She is utterly ruthless, but has Reiner bewitched and bedazzled, fucking his car’s windscreen, in a tall tale told by the playboy pusher to C over drinks. I’m with Jasun Horsley on this—she fucks the car to show Reiner “exactly how and why he will never have her, that he could never hope to satisfy such inhuman desire (except perhaps by dying), or even understand it. He’s just an aperitif.” She’s a predator, who eavesdrops on his conversations and usurps his plans behind his back, caring nothing for his well-being if it stands in the way of what she wants. Malkina has clawed her way up from the bottom—there is no halo around this survivor of the Missing’s head. Paula Thomas, who dressed her for the film, stated in The Hollywood Reporter that Malkina uses clothes “as a mask for the darkness that lurks inside. She’s manipulative and calculating, so she uses her showstopping wardrobe as her facade to distract from what she’s really doing. The clothes are a power play.”


Horsley again, in his longer form essay, which also features in his book, Seen and Not Seen: Confessions of a Movie Autist:

“Malkina is close to maquina, Spanish for machine… On the other hand, the words ‘malki zedek’ have also been interpreted as mouthful of offering. The last words of the film, spoken by Malkina after she warns her banker that ‘the slaughter to come is probably beyond our imagining,’ are: ‘I’m famished.’… When she states her intention to turn the spoils of the slaughter into diamonds at the film’s end, she’s talking about tallying up her work in terms of souls devoured, to fill her own emptiness.” For this scene Diaz requested a hood be added to her studded shoulder dress “to add mystery and a sense of disguise.” She’s like a sorceress passing through the world of men. Her sole regret, after they go astray following the murder of Reiner, is the loss of her cheetahs. “To see a quarry killed with elegance, it’s moving to me.”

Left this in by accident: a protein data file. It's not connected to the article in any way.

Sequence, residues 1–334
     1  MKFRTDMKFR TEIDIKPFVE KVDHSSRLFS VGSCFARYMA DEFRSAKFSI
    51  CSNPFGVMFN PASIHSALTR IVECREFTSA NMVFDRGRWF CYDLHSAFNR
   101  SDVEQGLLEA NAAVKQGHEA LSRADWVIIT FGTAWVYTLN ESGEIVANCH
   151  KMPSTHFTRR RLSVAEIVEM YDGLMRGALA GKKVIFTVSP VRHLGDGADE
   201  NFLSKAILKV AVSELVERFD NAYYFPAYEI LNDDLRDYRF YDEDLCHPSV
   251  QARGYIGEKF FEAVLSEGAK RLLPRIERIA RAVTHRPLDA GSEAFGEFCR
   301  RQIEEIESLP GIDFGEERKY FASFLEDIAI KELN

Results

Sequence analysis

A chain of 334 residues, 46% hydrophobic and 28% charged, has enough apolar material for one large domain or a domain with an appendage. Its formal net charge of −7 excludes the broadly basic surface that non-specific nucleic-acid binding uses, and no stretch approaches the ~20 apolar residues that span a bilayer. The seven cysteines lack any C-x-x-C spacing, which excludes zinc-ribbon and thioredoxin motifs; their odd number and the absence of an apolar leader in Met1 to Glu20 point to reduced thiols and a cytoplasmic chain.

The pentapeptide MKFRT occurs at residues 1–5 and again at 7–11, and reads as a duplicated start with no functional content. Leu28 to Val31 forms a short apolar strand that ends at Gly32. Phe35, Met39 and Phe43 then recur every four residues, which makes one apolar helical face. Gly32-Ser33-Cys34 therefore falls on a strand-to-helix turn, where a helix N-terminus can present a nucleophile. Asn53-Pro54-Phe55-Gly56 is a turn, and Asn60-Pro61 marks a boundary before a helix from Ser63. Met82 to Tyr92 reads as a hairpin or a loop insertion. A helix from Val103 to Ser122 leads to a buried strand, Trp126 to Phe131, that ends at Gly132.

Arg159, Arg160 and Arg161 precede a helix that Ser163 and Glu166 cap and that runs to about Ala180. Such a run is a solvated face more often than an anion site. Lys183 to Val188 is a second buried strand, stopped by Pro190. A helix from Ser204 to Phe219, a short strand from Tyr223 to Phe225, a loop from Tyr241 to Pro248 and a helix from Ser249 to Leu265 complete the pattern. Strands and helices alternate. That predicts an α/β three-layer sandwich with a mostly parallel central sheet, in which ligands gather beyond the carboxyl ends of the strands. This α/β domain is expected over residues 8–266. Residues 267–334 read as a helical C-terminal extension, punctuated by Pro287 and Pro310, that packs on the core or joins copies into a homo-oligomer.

Her quarry now is Westray, undone after she tracks him to London by that most banal of methods, a honey trap. Natalie Dormer in a dress that leaves little to the imagination and blonde hair teased to tease, sleeps with this man who earlier told C he could leave it all behind in a moment and live in a monastery, if it wasn’t for women. She obtains the required passwords to some accounts, but Malkina still needs Westray’s laptop. There then follows a hunt and kill on the city streets equal to any hit in The Godfather. A jogger passes by a jumpy Westray, but it’s a bluff, for now. He exits and turns a corner, espying another runner (shades of her twin big cats), but the original is now approaching again from behind, and slips the bolito around his throat, while the other runner grabs the case. A small electric motor steadily tightens a steel wire around his throat until the carotid artery is severed. It can’t be removed or stopped—he knows this yet desperately, instinctively tries to impede the bolito by slipping his fingers under it. He collapses on the pavement with blood spurting from his throat, a gurgling “Fuck you!” laugh to the gods thrown up as we zoom in on his outflung hand, the fingers sliced off.


From steely blue and granite cityscapes (London also doubled for American interiors, Amsterdam and the occasional sidewalk transition in presumably Dallas and Chicago) to glitzy villas and restaurants, Mexican border posts (a Spanish army base), the South-west plains and the Counselor’s descent into hell in a sweaty Juárez (all Spain), Scott and McCarthy have together mind-melded on a dissection of crime tropes, peeling back the facade to reveal the ugly tumor within. Perhaps the tax break stretching of the $25 million budget on locations used enabled this subversive film to get made with little risk to the studio backers. Another Horsley observation on its uncomfortable truths:

“One of the things The Counselor shows, implicitly, simply by daring to deal with this subject matter, is that the Mexican drug cartels—the barbarian hordes depicted in the film—aren’t a threat to the stability of the US but part of the machinery of capitalism that sustains it. For example, in To Die in Mexico: Dispatches from Inside the Drug War, John Gibler writes: